Subscribe via RSS Feed

Jesus and Jewish Prayer



The Kaddish

Jesus continues to teach his disciples that after one recognizes God as Father and King, one then asks for his “…kingdom [to] come…” (Matt 6:10). To a Jew in the Second Temple period, such a petition was fitting because of its parallelism to the Kaddish. According to Rabbi Wayne Dosick, the Kaddish is a Jewish prayer that is “recited by mourners in the days and months following the death of a loved one.”[16] Although this prayer was uttered after someone’s death, the primary focus was not the deceased, but God. As mourners recited this prayer, they would present a plea to God that he would “establish his kingdom in [their] lifetime and in [their] days and in the lifetime of all the house of Israel.”[17] This portion of the Kaddish was an outward expression of God’s lordship over one’s life. Though grief stricken, mourners rejoiced in the fact that, God was still seated upon the throne. Just like the mourners, Jesus knew very well that no matter the circumstance, his Father was still the King. Because of the eternal reign of the Almighty Father, Jesus asked him to establish his kingdom among his people.

Establishment of the Kingdom

For the Jews, praying that the Kingdom of Heaven would come to earth was not uncommon. In fact, most Jews held a common belief that God would deliver them from their oppressors and establish his kingdom in Israel. Rabbi Yitzchok Adlerstein stated that these ideas were incorporated into the Kaddish in the form of a Messianic prophecy.[18] Although the Jews longed to be free from their oppressors, God could not establish his Kingdom on the earth until humanity “acknowledged God’s kingship…by confessing him as the one true God and giving obedience to his law.”[19] The establishment of God’s Kingdom, therefore, was not a political matter, but a matter of the heart. Establishing the Kingdom, however, would not be instantaneous. In fact, according to Young, the phrase “your kingdom come” was used “…in the imperfect tense, which indicate[d] an incomplete action.”[20] This “incomplete action” was due to the fact that multiple nations refused to acknowledge God as King. During the Second Temple period, the oppressive Roman Empire forbade the Jews from worshipping their God “…as the sole ruler of their lives.”[21] As a Jew who lived in this time period, Jesus longed for the Father to establish his righteous reign over all the earth. Therefore, Jesus incorporated a petition for the coming Kingdom into his prayer (Matt 6:10).



The Law

Following his petition for the coming Kingdom, Jesus prayed, “…your will be done, on earth as it is in heaven” (Matt 6:10b). This portion of the prayer correlates with the previous in that it was the King’s will to come to earth and establish his Kingdom. Jesus himself said that those who did the will of the Father would enter into his Kingdom (Matt 7:21). According to Young, fulfillment of the God’s will was found in obedience to his Law.[22] However, due to humanity’s tendency to fall into sin, fulfilling the will of God proved to be difficult. Praying that the will of the Lord would be done “…express[ed] an inward yearning…” to obey his Law.[23] Christ himself expressed this same yearning in Gethsemane. Although he knew of the suffering that awaited him, Jesus prayed “…not my will, but yours be done” (Luke 24:42). Just as Jesus embraced the Father’s will over his own life, the Jews were to deny their sin and follow the Torah.[24] In doing so, the Jews would satisfy the will of the Lord and enter into his eternal kingdom.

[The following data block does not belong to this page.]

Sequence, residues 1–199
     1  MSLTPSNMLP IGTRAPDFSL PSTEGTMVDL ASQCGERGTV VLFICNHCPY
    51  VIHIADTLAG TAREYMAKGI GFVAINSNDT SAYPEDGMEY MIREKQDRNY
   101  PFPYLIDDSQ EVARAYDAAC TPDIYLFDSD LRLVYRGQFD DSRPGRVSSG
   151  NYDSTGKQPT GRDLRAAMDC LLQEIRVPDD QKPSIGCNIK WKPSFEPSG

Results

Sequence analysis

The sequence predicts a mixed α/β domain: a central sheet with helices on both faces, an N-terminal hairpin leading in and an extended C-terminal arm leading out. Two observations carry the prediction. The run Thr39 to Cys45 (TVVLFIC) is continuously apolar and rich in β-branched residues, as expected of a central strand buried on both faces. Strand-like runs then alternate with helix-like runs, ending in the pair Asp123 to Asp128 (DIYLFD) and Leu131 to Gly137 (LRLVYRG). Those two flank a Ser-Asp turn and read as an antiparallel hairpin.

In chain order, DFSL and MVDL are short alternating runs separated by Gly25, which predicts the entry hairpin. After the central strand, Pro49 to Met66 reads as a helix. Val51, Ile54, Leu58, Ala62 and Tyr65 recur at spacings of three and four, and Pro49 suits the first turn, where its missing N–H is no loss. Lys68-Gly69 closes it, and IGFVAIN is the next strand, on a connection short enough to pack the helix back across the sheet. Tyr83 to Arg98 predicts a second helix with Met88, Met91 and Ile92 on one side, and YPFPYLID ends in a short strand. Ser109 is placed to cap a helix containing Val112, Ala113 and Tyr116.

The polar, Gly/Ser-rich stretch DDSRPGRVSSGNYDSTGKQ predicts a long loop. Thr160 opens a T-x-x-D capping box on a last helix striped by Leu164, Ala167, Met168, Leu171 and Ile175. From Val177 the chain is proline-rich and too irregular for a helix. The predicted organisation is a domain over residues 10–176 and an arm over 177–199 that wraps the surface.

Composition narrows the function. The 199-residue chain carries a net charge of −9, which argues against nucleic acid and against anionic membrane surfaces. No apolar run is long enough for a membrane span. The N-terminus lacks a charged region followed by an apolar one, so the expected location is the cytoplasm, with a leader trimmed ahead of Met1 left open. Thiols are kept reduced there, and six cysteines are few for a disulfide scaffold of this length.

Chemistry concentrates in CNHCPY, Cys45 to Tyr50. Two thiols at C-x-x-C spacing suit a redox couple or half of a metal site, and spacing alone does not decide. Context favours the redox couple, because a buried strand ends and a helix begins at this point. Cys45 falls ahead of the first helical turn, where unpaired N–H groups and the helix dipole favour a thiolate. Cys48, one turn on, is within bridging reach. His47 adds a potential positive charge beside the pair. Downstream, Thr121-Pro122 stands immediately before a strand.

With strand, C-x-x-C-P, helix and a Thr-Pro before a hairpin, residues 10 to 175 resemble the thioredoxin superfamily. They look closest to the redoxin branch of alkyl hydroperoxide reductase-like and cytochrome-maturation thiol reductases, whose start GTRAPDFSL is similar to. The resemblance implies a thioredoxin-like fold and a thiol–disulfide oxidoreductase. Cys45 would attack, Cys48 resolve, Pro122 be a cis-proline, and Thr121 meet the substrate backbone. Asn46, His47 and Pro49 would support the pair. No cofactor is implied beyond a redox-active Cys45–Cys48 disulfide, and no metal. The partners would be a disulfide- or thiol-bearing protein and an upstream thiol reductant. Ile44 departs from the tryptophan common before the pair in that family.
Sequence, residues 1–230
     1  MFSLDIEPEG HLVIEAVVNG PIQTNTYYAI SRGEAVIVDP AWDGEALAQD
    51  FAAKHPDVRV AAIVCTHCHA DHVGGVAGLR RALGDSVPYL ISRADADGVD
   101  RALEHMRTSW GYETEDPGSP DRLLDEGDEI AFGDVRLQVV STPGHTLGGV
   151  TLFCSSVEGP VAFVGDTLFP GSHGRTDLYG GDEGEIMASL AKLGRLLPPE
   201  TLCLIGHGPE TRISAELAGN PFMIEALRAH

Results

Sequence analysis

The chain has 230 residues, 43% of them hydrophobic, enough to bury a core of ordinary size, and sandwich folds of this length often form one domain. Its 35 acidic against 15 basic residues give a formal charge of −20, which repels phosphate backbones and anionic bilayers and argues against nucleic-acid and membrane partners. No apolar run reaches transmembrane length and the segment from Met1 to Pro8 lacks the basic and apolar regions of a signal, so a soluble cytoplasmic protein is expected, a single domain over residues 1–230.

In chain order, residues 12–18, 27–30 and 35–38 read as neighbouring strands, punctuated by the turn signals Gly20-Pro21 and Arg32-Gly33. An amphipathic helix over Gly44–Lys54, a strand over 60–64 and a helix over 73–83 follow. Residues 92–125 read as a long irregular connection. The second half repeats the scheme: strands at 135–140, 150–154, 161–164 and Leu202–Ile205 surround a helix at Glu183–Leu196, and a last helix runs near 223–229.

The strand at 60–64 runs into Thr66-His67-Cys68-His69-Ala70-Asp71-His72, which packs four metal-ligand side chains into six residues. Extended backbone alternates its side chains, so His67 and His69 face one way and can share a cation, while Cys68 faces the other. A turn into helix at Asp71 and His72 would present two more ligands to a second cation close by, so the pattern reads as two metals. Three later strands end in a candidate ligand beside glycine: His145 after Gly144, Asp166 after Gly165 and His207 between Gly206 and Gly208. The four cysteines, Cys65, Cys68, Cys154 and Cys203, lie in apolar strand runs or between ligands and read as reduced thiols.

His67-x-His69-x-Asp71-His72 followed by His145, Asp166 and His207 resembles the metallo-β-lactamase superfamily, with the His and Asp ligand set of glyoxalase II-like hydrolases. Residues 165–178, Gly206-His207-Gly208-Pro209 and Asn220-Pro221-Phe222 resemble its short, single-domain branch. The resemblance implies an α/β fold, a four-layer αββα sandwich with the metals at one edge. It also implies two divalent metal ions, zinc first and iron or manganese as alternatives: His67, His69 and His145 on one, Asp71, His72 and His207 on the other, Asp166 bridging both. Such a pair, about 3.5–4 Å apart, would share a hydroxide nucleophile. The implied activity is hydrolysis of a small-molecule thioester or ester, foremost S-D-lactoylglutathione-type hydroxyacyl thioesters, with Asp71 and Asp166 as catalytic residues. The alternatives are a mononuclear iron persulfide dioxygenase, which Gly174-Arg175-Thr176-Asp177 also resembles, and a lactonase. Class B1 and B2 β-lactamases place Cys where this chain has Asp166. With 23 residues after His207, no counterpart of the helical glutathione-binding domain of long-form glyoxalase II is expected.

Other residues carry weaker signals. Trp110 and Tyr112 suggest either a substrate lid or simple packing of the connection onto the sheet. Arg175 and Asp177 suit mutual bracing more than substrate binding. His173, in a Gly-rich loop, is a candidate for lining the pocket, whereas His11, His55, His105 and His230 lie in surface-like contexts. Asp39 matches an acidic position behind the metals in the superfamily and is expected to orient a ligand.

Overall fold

Pin It
Page 4 of 6« First...23456

Tags: , ,

Category: In Depth, Summer 2016

About the Author: Alejandro Daniel Castro, AA-INDS (South Texas College), received the call into ministry at the age of fourteen. After much prayer, Alejandro answered the call into ministry, and began serving as a volunteer youth leader at The Family Church. During his service, God placed a desire in Alejandro’s heart to clearly and effectively teach the Gospel to youth. As a result, Alejandro decided to pursue an education in theology and ministry. Currently, Alejandro is pursuing his bachelor’s degree in ministry and leadership at Oral Roberts University.

  • Connect with

    Subscribe via Twitter Followers   Subscribe via Facebook Fans
  • Recent Comments

  • Featured Authors

    Amos Yong is Professor of Theology & Mission and director of the Center for Missiological Research at Fuller Theological Seminary, Pasadena. His graduate education includes degree...

    Jelle Creemers: Theological Dialogue with Classical Pentecostals

    Antipas L. Harris, D.Min. (Boston University), S.T.M. (Yale University Divinity School), M.Div. (Emory University), is the president-dean of Jakes Divinity School and associate pasto...

    Invitation: Stories about transformation

    Craig S. Keener, Ph.D. (Duke University), is F. M. and Ada Thompson Professor of Biblical Studies at Asbury Theological Seminary in Wilmore, Kentucky. He is author of many books<...

    Studies in Acts

    Daniel A. Brown, PhD, planted The Coastlands, a church near Santa Cruz, California, serving as Senior Pastor for 22 years. Daniel has authored four books and numerous articles, but h...

    Will I Still Be Me After Death?